In one embodiment, the fluid channel can include a first stage section and a second stage section. The first stage section may be maintained at a temperature of less than about 4000° F. and can include a first exit temperature. The second stage section, on the other hand, can include a second exit temperature. The second exit temperature may be less than the first exit temperature and may be no greater than about 1900° F., such as less than about 1700° F.
Conditions within the first stage section of the fluid channel may be maintained so as to allow for partial oxidation, steam gasification, and slag formation. When slag is formed, the slag may be periodically removed from the fluid channel.
In the second stage section of the fluid channel, however, reducing conditions may exist for promoting steam gasification (also referred to as steam reforming) which promotes the production of hydrogen and other lower molecular weight hydrocarbons.
Other features and aspects of the present invention are described in more detail below.
A full and enabling disclosure of the present invention, including the best mode thereof, directed to one of ordinary skill in the art, is set forth more particularly in the remainder of the specification, which makes reference to the appended figures in which:
Repeat use of reference characters in the present specification and drawings is intended to represent same or analogous features or elements of the invention.
It is to be understood by one of ordinary skill in the art that the present discussion is a description of exemplary embodiments only, and is not intended as limiting the broader aspects of the present invention, which broader aspects are embodied in the exemplary construction.
The present invention is generally directed to an innovative pulse gasification system that overcomes many of the limitations of prior pulse gasification systems and may be configured to comply with stipulated new emissions target of one-tenth of NSPS. For example, in one embodiment, the system and process of the present invention can be configured to emit less than about 0.12 lb/MMBTU of sulfur dioxide, less than about 0.06 lb/MMBTU of nitrous oxides (NOx), and/or less than about 0.003 lb/MMBTU of particulates.
In one embodiment, the pulse gasifier system includes a pulse unit for first-stage gasification, a U-tube arrangement for slag removal, and may also include a vertical entrained flow section for second-stage gasification and primary and secondary cyclones for particulate capture. The feedstock can be coal, coke, biomass, heavy liquid hydrocarbon, etc., and can be in the form of solids, heavy liquids, slurries, etc. Oxygen and steam may be used as gasification agents to enhance product gas heating value, as well as to promote flame stability and turndown. In the case of a combined cycle configuration, this also helps boost the gas turbine inlet temperature and plant efficiency. Air may be used as a gasification agent, although it may, in some instances, lower the heating value of the gas produced due to the diluent nitrogen. Compressed air may be used to pneumatically convey the solid fuels from the metering bin to the pulse gasifier. Superheated steam may also be used as transport/carrier fluid. Superheated steam is the preferred carrier for dry solid feedstock in some embodiments.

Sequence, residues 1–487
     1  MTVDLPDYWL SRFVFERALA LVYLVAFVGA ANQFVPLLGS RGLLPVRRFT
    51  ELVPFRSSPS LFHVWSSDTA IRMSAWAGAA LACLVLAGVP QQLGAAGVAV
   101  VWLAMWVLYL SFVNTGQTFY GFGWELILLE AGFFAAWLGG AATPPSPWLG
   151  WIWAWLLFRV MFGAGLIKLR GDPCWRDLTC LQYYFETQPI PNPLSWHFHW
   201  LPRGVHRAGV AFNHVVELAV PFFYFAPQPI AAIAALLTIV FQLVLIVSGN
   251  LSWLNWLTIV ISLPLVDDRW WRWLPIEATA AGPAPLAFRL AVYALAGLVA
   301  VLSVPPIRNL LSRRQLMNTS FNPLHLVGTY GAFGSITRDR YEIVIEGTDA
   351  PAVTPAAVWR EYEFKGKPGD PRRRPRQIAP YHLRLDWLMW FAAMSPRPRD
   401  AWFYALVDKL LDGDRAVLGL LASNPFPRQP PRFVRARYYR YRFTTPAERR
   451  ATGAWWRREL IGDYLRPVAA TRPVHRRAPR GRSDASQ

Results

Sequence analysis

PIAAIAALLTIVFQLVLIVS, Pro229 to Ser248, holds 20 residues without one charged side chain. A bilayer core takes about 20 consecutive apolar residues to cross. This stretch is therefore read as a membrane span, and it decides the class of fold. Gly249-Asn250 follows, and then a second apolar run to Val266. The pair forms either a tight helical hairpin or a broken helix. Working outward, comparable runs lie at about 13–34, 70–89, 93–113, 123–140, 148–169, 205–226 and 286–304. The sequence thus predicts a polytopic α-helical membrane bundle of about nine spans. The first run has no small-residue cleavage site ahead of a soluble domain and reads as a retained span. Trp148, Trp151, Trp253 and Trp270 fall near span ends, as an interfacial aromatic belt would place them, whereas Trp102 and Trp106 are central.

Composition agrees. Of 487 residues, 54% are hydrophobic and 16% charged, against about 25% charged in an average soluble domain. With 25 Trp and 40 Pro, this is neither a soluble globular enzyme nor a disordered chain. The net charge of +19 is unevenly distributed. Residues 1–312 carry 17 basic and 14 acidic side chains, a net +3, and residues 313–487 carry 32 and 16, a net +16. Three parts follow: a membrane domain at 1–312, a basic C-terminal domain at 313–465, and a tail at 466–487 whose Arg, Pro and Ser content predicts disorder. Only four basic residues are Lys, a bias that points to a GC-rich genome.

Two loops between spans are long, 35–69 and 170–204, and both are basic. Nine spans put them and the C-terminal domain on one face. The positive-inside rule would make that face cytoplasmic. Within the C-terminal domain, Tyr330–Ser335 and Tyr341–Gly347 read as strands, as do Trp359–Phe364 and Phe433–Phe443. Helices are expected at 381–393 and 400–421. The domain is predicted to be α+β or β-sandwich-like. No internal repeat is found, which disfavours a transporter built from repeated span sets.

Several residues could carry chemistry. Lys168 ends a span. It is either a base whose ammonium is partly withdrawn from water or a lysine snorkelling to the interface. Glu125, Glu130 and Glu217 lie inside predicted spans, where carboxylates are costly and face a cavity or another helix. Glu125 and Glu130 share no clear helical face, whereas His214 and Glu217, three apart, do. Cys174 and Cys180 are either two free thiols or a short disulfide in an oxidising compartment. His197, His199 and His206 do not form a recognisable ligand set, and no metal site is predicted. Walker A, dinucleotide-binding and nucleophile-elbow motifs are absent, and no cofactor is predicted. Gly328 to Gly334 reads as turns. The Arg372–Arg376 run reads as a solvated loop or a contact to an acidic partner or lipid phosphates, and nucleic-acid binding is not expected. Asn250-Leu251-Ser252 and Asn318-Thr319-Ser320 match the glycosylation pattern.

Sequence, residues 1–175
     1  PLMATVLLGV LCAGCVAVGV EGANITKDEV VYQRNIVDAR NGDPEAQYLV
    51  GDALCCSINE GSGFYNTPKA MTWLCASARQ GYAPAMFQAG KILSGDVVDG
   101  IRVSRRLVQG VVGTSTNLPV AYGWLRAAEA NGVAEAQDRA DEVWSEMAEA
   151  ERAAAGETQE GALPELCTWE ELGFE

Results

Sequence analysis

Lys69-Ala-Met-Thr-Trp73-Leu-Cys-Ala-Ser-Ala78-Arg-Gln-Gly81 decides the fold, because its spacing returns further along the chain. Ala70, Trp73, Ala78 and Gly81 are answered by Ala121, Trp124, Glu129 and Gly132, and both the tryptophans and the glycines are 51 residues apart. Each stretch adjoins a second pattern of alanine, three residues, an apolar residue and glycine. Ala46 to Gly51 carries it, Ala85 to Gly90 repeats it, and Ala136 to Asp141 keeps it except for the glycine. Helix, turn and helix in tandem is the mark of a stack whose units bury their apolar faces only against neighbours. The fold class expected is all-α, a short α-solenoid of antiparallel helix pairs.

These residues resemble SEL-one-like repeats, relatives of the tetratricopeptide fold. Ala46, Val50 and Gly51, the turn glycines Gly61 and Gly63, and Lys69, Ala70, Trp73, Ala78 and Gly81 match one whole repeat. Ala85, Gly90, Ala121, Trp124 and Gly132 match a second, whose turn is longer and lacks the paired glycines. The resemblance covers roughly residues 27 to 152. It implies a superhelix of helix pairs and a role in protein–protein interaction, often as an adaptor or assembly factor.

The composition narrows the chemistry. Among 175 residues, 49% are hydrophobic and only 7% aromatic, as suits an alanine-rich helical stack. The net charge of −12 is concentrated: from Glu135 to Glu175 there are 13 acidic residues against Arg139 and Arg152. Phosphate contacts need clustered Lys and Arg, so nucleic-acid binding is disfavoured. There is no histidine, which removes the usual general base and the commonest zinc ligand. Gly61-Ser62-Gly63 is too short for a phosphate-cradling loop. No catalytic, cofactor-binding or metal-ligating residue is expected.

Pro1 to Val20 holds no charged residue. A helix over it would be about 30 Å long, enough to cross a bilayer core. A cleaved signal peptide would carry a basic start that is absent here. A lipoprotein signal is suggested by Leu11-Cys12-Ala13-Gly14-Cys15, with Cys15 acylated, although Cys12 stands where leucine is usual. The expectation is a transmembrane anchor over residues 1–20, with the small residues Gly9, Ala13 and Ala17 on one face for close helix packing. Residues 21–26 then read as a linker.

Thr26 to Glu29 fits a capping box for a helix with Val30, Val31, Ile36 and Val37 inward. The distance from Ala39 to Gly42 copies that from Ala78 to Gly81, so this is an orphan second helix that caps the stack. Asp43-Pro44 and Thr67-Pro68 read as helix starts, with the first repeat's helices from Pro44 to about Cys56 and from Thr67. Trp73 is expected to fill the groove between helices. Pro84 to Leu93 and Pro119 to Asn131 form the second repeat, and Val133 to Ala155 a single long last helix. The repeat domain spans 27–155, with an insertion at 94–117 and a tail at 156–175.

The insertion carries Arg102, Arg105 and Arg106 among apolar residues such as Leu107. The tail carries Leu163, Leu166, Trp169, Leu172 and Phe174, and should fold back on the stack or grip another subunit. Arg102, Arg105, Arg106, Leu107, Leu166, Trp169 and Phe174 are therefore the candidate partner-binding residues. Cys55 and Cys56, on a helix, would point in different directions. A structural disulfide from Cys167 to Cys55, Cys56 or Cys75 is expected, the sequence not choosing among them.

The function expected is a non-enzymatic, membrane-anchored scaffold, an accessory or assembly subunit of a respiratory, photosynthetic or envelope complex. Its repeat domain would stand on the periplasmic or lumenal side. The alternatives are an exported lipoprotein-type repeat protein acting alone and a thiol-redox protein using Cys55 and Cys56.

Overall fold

The pulse gasifier incorporates one or two gasification stages to facilitate good carbon conversion, high sound pressure level for acoustic agglomeration, and good in-situ sulfur capture. In the two-stage case, the first stage can operate in the slagging mode and under sub-stoichiometric conditions. In the presence of oxygen and steam, feedstock devolatilizes and partially oxidizes to release heat for the steam/feedstock gasification reactions to proceed. The high operating temperature (e.g., 2,500° F.–3,400° F.) can ensure high carbon version and aid ash melting and slag flow.
In conventional slagging gasifiers, the slag region corresponds to an active zone with gas-solids mixing, combustion, and slag tapping, all occurring above the hearth plate. The design and the ability to keep the slag tapping process functioning are sometimes important. The art is to retain the solids within the gasifier and yet allow the liquid slag to drain through the tap hole at the desired rate. In the pulse gasifier of the present invention, the slag region can correspond to an active and a passive zone. In the active zone, partial oxidation, steam gasification, and slag formation can take place, while the slag is tapped from the passive zone. Consequently, the slag removal process/hardware design is comparatively simple, with essentially the only requirement that the slag tap hole not be allowed to freeze shut.